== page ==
Review Summary: A joyous, if not entirely consistent stab of stoner rock fury.
It's peculiar that Portland-based Red Fang have gained audacity primarily due to the three hilarious clips directed by Whitey McConnaughy of Jackass notoriety. It seems that music videos are still a powerful art form prone to attract the listener's attention, at least if they're so gloriously goofy as McConnaughy's work which ideally encapsulates Red Fang's brazen, beer-soaked brand of stoner rock. The quartet's Relapse Records debut Murder the Mountains
stood out with its expert symbiosis of potent riffs, punk energy and infectious melodies, but also hinted at a more adventurous and far-reaching approach to songwriting. By comparison, Whales and Leaches
is a disappointingly safe record that sees the outfit settling in the confines of their established style rather than progressing. There's hardly anything novel in the group's musical arsenal as they continue to tread a fine line between Mastodon's sludgy harshness and Torche's punk-infused approachability. This strategy makes for an overly familiar, though still pleasurable listen.
Brief mid-tempo party rockers, which they've mastered on the previous offering, are in abundance cluttered mindlessly through the first half of Whales and Leaches
. Numbers like 'Crows In Swine' and 'Behind The Light' surely burst with dexterous transitions and memorable hooks, yet they blend seamlessly with some less-than-stellar cuts, such as the annoyingly repetitive 'No Hope' or the utterly unremarkable 'Voices Of The Dead.' The album's latter half thankfully provides more diversity. 'Dawn Rising' is an undoubted highlight, finally letting some much needed oomph into the act's presentation. The atmosphere gets way more ominous with aptly slowed-down tempo. In addition, Mike Scheidt of YOB fame steps in to lend his signature piercing howl which superbly complements Aaron Beam's powerful cleans. As a result, this monumental track finds Red Fang at their most viscerally compelling. The record also ends neatly with the dreamy space rock of 'Every Little Twist' that boasts for once a distinctive sonic palette.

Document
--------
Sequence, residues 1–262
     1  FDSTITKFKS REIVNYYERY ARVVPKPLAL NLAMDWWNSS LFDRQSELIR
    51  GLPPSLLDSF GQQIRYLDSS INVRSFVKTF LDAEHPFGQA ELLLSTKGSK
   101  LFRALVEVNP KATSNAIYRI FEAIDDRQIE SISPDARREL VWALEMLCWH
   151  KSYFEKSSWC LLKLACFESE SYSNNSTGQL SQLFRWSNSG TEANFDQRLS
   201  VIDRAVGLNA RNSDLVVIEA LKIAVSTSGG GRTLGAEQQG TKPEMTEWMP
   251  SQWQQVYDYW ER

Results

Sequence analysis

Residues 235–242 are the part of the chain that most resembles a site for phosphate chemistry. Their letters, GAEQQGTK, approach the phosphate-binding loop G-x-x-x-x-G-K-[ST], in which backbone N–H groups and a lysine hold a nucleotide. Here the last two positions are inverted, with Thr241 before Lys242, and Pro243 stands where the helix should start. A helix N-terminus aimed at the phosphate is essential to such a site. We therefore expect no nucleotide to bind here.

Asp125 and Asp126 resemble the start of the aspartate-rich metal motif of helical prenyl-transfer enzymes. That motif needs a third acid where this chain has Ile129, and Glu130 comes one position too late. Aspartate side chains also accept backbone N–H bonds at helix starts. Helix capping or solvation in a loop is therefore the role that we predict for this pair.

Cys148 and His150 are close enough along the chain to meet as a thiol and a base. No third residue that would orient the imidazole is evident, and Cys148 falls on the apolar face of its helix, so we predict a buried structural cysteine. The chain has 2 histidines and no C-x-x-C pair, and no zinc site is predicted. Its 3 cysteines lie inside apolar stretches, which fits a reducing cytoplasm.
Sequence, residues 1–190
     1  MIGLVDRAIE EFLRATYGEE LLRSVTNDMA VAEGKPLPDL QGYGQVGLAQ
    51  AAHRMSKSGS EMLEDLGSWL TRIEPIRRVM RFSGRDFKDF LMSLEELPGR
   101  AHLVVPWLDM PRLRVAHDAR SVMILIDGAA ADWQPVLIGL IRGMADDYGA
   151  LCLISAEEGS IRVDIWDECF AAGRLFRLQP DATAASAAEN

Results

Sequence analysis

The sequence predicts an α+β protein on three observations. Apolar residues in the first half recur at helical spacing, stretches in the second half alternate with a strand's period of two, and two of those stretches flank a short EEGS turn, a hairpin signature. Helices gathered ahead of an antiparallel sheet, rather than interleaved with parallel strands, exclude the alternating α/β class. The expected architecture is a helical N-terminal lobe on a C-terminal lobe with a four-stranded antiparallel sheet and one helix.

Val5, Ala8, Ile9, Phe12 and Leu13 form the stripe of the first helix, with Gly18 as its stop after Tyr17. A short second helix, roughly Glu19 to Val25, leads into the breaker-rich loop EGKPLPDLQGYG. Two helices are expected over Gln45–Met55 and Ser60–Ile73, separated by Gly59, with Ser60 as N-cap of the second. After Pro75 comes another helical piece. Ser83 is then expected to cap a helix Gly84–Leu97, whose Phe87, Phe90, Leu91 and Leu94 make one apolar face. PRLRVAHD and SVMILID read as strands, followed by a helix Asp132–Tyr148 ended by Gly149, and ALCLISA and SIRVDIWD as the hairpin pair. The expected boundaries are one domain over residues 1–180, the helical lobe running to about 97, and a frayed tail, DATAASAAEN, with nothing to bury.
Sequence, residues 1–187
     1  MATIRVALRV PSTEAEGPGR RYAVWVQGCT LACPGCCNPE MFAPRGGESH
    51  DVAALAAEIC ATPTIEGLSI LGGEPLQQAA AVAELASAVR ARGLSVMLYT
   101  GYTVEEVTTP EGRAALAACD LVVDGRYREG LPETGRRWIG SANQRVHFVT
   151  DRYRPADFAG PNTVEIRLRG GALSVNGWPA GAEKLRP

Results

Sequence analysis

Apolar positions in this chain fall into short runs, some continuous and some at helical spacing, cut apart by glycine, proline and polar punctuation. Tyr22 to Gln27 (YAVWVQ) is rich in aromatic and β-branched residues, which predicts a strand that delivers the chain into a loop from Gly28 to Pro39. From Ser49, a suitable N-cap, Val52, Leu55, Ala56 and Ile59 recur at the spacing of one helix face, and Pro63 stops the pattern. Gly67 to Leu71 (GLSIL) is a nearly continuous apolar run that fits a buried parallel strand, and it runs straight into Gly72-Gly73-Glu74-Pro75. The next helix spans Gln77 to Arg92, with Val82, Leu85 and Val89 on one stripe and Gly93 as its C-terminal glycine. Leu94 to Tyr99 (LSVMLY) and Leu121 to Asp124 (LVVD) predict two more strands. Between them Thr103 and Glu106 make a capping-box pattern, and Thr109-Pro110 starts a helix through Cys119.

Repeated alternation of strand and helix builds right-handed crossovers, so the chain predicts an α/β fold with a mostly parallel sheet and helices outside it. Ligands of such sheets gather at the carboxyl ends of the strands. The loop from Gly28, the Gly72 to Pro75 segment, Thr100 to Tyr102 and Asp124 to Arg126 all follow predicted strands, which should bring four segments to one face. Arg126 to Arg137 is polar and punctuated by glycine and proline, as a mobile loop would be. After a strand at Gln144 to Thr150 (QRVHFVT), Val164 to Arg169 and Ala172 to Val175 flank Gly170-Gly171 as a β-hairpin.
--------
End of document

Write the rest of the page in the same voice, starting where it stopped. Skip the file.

Adhering to the same formula most of the time Whales and Leeches
rarely takes the listener by surprise. The album is largely conventional and vapid with its reliance on guitar leads and solos that fail to differentiate themselves from the pack. If nothing else, the vocals of Aaron Beam and Bryan Giles have improved, offering an even sharper interplay between pristine clean singing and feral screams. Producer Chris Funk reasonably places them high in the mix against the backdrop of a warmly fuzzed-out, if decidedly lucid sound of instruments. Regrettably Whales and Leeches
is too short on substance to amply support its top-notch production values, often showcasing the quartet on autopilot. On their third outings most bands attempt to step up their game in terms of consistent songwriting. Instead, there are as many skippable tracks on this record as those worth revisiting. Mere competency is not sufficient to turn heads, especially in the year that abounds in high-quality stoner rock releases.